As the American Speech-Language-Hearing Association set out to tailor its offerings to a growing population of younger members, it realized it also needed to look inward at how its staff functioned across generations and how they could work better together.
The American Speech-Language-Hearing Association wanted to appeal to broader segments of its membership, including young professionals, so it began to ask what their needs are and what processes they had to change internally to match that.
“We’re having to kind of flip our processes on their head,” said Alexis Redmond, director of career management resources. ASHA also made other adjustments that allowed for new products to be developed based on these member needs.
For example, the association launched the new ASHA Career Portal, tailored to early-career professionals, to make sure they could find the resources they needed. “In associations, we have so much access to resources, but how do we serve members in a way that will be palatable, particularly for a young cohort?” said Gwen Fortune-Blakely, ASHA’s enterprise-wide marketing director.
To start, ASHA delved into what members needed and were interested in—regarding resources, content, and technology—as well as the staff’s understanding of these things. “We had to have these very vulnerable and transparent conversations about: What do we want to offer? What will make us cutting-edge and compelling? How do we need to get our staff up to speed to be able to cater to this population?” Redmond said.
In some cases, this has taken the form of younger staff helping familiarize older staff with certain technologies. For example, ASHA’s social media manager offered a session on how to create an Instagram story. “There’s a lot of effort to keep people up to speed on using technology to make their teams more efficient,” Fortune-Blakely said.
But it’s not just younger staff teaching older ones about technology: It’s also collaborating in informal environments, such as showing a coworker how to do something or asking someone to help you—and recognizing that some people have more of an aptitude for technology than others do, regardless of age.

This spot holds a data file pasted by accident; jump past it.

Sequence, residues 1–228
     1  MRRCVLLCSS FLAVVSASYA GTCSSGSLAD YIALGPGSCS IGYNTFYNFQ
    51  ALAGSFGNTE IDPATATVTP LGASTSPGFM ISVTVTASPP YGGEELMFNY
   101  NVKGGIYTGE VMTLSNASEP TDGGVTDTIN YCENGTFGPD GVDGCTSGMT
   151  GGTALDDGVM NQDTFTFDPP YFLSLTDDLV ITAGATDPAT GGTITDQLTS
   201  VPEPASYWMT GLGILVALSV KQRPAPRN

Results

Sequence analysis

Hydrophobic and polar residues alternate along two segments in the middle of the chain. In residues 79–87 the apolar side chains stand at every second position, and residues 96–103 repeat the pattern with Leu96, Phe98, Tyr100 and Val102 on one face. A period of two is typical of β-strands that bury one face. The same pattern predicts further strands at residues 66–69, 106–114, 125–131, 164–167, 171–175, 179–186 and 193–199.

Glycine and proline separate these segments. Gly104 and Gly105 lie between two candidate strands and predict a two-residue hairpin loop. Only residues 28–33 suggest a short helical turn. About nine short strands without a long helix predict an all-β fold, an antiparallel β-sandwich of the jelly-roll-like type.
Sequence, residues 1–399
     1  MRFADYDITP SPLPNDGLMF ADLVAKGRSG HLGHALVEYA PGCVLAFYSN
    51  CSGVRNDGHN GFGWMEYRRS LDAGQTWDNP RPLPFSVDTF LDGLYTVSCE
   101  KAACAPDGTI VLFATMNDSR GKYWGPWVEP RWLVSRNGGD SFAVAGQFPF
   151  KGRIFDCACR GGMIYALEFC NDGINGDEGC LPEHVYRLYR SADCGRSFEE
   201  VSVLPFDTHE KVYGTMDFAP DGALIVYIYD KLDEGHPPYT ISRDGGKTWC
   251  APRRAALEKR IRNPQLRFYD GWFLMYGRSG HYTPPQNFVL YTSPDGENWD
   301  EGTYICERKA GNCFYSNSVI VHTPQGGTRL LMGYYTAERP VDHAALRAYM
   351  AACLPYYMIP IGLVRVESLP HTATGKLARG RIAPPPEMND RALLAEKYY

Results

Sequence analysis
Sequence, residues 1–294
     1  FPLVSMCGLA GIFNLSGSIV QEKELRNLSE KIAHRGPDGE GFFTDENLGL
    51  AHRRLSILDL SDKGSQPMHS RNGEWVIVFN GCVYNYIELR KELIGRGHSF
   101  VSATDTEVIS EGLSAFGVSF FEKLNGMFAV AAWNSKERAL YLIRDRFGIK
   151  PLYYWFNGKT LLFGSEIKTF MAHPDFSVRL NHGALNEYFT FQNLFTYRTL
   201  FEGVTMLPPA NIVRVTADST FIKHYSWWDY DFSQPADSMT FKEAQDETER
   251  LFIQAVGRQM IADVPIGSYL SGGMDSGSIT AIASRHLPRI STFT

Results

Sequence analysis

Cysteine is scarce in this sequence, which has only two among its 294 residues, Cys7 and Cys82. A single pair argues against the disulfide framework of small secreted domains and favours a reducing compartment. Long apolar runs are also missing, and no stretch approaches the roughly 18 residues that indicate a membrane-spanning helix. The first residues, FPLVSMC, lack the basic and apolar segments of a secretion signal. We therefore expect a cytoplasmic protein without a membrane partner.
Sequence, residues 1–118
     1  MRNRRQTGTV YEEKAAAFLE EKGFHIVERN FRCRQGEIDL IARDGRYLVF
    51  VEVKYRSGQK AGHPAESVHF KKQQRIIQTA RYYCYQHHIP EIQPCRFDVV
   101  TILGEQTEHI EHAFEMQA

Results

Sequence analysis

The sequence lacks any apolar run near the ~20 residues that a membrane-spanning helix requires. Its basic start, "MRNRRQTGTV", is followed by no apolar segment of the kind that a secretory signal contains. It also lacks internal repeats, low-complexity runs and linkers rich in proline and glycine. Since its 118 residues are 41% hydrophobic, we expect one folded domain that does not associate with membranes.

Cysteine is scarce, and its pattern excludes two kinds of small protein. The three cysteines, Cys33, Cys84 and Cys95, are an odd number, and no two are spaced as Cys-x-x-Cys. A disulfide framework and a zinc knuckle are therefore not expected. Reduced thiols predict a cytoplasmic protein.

“It’s about taking advantage of what everybody brings to the table,” Fortune-Blakely said. So ASHA’s leaders asked themselves, “Who is showing aptitude and capability that we want to invite to the table to be a part of this discussion—without defaulting to seniority?”
Because of this shift in culture, ASHA restructured several positions, which meant that younger directors found themselves alongside a group of older ones, and they had to figure out how to work toward innovation together. “We had to look at how strategy was formulated and how communications were occurring in the group,” Redmond said. “How do we get to the same playing field and understand each other?”
Also, respect for cognitive diversity is important. “It’s not good enough to pitch it out and say, ‘Hey, what do you think?’ and assume everybody’s going to step up to talk,” Fortune-Blakely said. For people who are more reticent or introverted—especially if they’re younger, and the older people are used to dominating the conversation—it’s the manager’s job to use techniques to draw out people’s input in a way that allows them to express themselves comfortably. For example, you can stop the conversation and go around the room asking for everyone’s thoughts, she said.
A lot of it comes down to mutual respect, Fortune-Blakely said. And ASHA staff have expressed interest in professional development on generational diversity, including “what they bring to the table based on their history, how they think about things, and how we come together and innovate together without making assumptions.”
In working together to address member needs, if you give everyone “space to work on it, respect their thoughts, and let them lead the way, people will come up with great things,” Redmond said.